10 Lessons DC Needs To Learn From Batman V Superman

Can DC admit their mistakes?

Warner Bros

It's been a rough couple of months for DC. Batman V Superman: Dawn Of Justice was supposed to show off what their new cinematic universe had to offer but instead it completely fell flat, leaving DC momentarily clueless about how to proceed.

They seem to have finally composed themselves and Warner Bros has unveiled the brand-new DC Films division. Ostensibly to oversee the development of their future films, it's pretty obvious that this move was in direct response to Batman V Superman's poor reception.

It's a promising sign that the powers-that-be are trying to right the ship but if they think all it will take is some more creative oversight, then they're sorely mistaken. The problems of Batman V Superman were numerous and DC needs to keep proving that they've learned from all of their mistakes.

The good news for fans is that a lot of these problems can actually be fixed for future films. Suicide Squad is probably too close (though early reactions seem to point to success there anyway), but the likes of Wonder Woman and Justice League will be the kind of movies that fans have been expecting from DC.

Batman v Superman was a much-needed wake-up call for the DCEU, but they need more than just a new film division if they want to earn fans' trust back. And hopefully their initial failures will pave the way for a universe we can all be excited about.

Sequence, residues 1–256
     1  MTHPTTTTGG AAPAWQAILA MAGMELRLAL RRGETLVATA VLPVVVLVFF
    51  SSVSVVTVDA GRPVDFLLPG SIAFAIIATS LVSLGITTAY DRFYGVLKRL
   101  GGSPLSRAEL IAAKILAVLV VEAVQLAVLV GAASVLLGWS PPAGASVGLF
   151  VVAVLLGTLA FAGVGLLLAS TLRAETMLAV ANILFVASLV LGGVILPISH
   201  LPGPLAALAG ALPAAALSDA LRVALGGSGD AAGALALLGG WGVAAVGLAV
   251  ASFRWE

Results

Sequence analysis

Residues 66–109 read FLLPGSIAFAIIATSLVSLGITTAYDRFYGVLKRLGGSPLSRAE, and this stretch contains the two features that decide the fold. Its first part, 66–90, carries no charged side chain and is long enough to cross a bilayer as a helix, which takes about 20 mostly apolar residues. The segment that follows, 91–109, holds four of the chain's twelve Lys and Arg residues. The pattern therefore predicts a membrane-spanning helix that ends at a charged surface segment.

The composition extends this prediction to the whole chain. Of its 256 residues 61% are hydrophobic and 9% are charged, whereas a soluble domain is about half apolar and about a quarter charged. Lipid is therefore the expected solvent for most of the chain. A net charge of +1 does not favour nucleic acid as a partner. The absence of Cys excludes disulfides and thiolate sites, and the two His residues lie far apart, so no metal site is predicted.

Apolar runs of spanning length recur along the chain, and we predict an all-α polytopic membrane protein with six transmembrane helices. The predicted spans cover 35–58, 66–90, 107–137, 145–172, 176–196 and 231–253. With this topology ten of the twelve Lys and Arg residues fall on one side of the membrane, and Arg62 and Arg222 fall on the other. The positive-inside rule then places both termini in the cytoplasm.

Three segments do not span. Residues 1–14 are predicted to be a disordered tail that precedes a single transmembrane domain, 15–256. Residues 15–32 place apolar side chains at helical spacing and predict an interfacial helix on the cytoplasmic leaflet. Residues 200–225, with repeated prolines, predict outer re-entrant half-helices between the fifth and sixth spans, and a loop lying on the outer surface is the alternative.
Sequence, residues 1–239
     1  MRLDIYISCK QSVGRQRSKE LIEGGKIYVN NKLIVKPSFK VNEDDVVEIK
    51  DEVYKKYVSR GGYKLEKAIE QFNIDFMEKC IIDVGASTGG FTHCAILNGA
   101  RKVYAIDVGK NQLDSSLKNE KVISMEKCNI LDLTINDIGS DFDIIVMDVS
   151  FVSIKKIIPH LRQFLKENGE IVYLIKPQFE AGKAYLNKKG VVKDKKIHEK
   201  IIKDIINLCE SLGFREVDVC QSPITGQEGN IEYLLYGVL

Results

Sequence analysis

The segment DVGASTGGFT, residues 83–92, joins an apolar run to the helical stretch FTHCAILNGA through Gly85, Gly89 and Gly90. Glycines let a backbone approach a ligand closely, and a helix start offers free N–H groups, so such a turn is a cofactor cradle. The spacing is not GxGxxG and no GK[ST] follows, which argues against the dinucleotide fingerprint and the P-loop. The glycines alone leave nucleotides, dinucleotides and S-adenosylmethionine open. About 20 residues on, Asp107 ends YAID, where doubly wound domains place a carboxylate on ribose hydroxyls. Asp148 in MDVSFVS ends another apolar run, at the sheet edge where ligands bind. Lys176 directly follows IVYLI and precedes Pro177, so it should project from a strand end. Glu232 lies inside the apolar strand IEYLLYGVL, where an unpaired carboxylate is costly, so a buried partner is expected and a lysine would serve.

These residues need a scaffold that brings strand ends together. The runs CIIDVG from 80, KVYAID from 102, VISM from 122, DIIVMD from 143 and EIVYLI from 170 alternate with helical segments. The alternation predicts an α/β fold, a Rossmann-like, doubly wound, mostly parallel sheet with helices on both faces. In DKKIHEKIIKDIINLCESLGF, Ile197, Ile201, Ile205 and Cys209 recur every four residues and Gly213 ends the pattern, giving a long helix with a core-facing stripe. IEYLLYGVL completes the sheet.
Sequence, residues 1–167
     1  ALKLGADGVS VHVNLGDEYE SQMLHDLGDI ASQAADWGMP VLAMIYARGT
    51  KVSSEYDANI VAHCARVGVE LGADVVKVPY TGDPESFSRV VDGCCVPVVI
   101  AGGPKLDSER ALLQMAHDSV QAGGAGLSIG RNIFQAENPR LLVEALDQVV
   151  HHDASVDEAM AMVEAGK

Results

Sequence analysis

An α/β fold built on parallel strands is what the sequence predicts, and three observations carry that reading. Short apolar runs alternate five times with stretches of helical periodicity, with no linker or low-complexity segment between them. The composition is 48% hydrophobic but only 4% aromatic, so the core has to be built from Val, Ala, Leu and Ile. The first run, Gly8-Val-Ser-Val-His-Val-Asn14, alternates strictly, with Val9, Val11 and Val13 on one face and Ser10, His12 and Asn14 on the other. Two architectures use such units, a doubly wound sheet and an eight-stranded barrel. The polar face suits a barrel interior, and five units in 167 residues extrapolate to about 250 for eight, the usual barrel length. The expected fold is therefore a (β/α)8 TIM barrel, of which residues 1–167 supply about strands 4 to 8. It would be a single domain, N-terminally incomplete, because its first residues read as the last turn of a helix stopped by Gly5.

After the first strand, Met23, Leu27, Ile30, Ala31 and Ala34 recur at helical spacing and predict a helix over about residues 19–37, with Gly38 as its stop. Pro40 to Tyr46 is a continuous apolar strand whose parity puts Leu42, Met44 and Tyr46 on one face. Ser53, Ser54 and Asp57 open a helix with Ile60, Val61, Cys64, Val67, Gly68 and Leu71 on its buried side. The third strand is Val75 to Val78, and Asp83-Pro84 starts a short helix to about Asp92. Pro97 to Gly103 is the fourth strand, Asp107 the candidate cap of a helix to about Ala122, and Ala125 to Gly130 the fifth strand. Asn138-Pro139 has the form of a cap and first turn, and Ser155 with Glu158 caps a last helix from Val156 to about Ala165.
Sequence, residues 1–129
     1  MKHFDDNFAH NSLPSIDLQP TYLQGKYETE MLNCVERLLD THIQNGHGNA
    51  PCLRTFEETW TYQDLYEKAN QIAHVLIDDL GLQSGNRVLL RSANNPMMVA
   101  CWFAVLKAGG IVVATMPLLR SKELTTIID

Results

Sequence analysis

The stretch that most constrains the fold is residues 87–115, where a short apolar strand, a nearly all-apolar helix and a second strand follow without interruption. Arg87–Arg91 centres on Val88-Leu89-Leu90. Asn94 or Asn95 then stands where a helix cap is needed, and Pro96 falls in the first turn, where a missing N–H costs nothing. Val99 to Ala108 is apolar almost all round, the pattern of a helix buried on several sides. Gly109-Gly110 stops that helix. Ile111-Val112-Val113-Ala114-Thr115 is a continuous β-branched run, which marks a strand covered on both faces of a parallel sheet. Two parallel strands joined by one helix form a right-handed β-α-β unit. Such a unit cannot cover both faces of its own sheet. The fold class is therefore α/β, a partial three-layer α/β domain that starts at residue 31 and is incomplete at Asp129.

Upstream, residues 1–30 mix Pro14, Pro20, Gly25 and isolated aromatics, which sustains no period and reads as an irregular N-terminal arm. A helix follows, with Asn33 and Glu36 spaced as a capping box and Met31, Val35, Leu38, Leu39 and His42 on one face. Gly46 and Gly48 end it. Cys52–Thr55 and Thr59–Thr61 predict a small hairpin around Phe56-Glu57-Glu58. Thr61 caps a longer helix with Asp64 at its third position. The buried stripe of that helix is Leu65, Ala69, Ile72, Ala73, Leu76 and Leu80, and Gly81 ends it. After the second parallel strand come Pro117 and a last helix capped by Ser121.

10. Getting Characters Right Should Be The Priority

Warner Bros. Pictures

One of the biggest problems that fans specifically had with the film was its repeated failures to portray the main characters in a compelling, faithful manner. Superman was sullen and angry, Lex Luthor was too hyperactive and Lois Lane didn’t really do anything. On an individual basis, this was disheartening, but collectively, it becomes a pattern.

No matter how good the story or action is, if a movie is stuffed with bad characters, it’s a recipe for disaster, and Batman v Superman proved that true.

The whole ordeal felt like an effort to tell a story about the role of powers in society and how the government ought to deal with superheroes in general. The actual heroes in question could have been anyone and the result was a movie full of characters that didn't behave like the should have.

The main players of Batman and Superman should have been the starting point to the story and the plot should have come from their actions. DC needs to recognize that by creating more compelling lead characters, a lot of the narrative will fall into place on its own.

Truthfully, it really shouldn't be that difficult to achieve this. All of their major players have huge amounts of amazing stories in the comics, they just need to capture a bit of that essence and characterization for them to work on film as well.

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Connor loves movies, comics, and TV, and is trying to write for people who feel the same way. When he's not sitting on the couch with his laptop, you might find him lying in his bed with his laptop.